Some people just never outgrow some aspects of being a baby.
There was once this little guy named Hornpipes, who I am sure you have heard of. He was once so cute and little, and now he’s a BIG weirdo, kinda cute but more of “what in the World is that?” He used to be practically pocket-sized and now pockets aren’t practical for him: if he had any pockets he would not be able to fill them for all the odd belly bulge he has. However he is still just a big baby.
Mister Festus, the Rooster, is really pushing his luck. I was crouched down filling water cans; with the little hose through the small door, coming from the water pump. I turned and leaned out the doorway more and hooked the hose to fill the heifers’ water tub. When I turned I heard that nasty Rooster start his commotion and squawking, heard crashing, and just as I came back in the doorway I got stampeded by a big, fat, four-year-old Pygmy Goat Kid….Hornpipes.
Feature by Lis, over at Horse Family Magazine
A tale of two of the brattiest boys in the Barnyard, Mister Cecil, a Quarter Horse, and Mister Hornpipes, a Pygmy Goat and the pranks they play on this poor farmer one sunny winter day.
Milking that old crazy nanny goat was impossible, she was always flighty and now she was just plain crazy. So we had to feed the little guy cow’s milk using a small pop bottle with a very small nipple.
He found his voice soon enough and when he was hungry or had to go he’d let us know by screaming. Bagpipes went over to the barrel, budged it so it moved, and Hornpipes quit yelling and listened. Then Bagpipes went to the door, dinged his bell, and we let him outside. See when we first got Bagpipes we got a hunting dog bell and hung it on the door. Dad rang it once and let Bagpipes outside, and from then on he dings his bell to go out.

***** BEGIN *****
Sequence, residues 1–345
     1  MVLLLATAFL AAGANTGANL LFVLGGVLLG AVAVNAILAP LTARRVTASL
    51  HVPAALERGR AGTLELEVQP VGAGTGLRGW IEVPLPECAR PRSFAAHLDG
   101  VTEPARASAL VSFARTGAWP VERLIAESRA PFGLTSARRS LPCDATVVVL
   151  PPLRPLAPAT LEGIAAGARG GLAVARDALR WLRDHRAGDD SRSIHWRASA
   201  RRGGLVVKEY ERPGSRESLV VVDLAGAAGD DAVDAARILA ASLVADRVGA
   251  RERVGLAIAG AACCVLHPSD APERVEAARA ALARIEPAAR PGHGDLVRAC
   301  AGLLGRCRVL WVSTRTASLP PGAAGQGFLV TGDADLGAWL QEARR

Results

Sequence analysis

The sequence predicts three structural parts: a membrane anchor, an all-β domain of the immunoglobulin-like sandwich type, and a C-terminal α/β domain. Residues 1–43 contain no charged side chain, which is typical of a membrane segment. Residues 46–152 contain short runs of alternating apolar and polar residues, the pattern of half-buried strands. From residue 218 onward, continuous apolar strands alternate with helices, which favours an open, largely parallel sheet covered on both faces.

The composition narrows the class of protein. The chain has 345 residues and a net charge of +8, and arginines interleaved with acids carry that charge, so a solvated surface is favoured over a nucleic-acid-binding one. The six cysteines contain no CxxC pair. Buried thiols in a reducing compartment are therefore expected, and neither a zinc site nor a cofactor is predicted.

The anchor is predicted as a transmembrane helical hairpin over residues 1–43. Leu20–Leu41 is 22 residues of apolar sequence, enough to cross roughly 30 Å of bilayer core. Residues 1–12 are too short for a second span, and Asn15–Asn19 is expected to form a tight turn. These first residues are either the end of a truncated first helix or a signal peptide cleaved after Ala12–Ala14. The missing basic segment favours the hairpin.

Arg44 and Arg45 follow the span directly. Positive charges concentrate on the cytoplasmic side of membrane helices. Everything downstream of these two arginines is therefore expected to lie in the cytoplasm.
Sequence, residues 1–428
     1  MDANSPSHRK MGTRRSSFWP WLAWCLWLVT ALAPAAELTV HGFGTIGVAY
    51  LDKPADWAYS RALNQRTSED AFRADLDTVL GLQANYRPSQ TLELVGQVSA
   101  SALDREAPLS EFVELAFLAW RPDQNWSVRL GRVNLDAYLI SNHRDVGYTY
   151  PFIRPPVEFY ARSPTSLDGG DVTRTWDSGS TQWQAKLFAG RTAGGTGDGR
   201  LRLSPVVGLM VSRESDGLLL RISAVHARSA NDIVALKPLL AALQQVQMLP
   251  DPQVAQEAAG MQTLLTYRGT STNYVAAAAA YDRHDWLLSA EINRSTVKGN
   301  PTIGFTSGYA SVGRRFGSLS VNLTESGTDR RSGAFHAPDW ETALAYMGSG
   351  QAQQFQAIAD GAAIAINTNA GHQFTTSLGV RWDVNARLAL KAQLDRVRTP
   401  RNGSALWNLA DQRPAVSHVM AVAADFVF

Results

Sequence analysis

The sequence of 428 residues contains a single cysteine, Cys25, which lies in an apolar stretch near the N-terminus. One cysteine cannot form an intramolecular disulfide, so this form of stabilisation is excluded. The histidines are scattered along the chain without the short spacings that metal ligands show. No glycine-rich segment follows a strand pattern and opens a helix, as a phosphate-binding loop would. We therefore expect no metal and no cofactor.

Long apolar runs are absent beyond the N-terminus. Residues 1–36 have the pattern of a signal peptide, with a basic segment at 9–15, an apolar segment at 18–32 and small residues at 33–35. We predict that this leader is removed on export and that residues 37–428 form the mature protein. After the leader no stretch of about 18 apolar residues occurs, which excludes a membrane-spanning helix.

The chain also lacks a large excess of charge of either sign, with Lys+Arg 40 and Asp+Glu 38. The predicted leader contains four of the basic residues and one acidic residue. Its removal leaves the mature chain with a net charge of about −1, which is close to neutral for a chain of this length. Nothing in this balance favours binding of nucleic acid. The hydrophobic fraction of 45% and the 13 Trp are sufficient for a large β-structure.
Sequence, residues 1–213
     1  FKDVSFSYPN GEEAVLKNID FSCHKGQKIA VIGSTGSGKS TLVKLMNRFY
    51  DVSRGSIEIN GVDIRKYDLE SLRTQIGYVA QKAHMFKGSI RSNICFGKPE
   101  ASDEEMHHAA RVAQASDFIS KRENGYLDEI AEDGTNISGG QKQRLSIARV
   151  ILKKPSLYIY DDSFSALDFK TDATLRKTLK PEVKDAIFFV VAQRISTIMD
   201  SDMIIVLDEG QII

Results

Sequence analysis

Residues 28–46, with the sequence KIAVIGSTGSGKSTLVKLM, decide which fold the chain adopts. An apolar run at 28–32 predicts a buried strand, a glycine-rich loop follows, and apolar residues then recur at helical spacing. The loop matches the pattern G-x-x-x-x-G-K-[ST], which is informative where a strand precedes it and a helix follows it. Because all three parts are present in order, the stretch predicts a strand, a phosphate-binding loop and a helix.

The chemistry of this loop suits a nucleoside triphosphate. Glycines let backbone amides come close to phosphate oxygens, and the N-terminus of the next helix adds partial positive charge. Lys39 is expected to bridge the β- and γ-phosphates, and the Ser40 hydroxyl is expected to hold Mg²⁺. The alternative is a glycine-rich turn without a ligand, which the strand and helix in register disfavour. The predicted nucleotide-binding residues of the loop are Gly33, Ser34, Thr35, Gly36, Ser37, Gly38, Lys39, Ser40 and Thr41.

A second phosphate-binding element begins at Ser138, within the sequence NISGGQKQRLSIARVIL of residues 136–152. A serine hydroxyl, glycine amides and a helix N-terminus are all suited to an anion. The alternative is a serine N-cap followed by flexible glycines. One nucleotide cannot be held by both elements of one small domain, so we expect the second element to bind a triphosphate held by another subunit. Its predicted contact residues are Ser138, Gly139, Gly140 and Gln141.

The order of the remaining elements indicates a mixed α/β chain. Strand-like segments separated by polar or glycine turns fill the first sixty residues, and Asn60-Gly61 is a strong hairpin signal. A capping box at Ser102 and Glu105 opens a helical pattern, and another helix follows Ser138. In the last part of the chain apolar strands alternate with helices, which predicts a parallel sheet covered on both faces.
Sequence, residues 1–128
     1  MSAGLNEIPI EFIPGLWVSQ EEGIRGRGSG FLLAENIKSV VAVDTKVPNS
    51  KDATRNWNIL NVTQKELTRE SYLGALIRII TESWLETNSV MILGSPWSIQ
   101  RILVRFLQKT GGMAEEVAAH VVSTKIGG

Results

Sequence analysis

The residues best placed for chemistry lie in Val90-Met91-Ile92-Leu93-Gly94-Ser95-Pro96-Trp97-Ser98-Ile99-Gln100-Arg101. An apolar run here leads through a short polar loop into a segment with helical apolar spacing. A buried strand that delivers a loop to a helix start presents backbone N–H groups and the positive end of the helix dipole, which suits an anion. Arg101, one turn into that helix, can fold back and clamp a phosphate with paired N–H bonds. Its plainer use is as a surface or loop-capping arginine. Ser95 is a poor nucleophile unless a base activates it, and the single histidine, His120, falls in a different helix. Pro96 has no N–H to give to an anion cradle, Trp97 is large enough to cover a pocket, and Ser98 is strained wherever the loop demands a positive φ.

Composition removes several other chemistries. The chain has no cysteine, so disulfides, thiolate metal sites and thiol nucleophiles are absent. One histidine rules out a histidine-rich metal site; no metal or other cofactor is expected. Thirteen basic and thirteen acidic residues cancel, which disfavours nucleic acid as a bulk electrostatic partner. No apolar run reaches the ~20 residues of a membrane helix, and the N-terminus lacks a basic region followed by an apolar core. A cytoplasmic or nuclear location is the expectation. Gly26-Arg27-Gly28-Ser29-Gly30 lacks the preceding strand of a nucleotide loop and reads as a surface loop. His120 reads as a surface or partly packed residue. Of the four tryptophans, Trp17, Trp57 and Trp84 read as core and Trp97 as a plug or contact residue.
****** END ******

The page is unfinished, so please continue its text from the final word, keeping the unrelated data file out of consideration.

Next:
He was telling Hornpipes, ”Hey kid, when you want out, you just do this.” So we gave him one of Bagpipes’ other bells by tying it to a string and then tying the other end to a dowel rod that sat over the top of the barrel.
Sometime in the night or early hours Nettle went crazy, as goats and some animals do, and killed the little girl. I saw immediately when I entered the barn on that cold January day the nanny kid lying there, with her neck cocked back. Nettle had caught her under the neck with her horns and broke her neck, possibly throwing her into the wall. When I went in to find the boy he was nowhere to be found. The girl’s body was cold and stiff, which meant it had been at least a few hours even though it was a very cold morning.
I searched all over for the little boy with no luck. Then I pulled my flashlight out and started looking in every nook and cranny. I found him under my saddle that had fallen on the floor. Near as I could figure was Nettle had killed the little girl and tried to kill the boy too. She had picked him up and flipped him in the air, but luckily she accidentally threw him over the gate and he landed in the hay and straw on the ground. He was shivering so, it was quite cold, and we had just had another night where it was -35°F.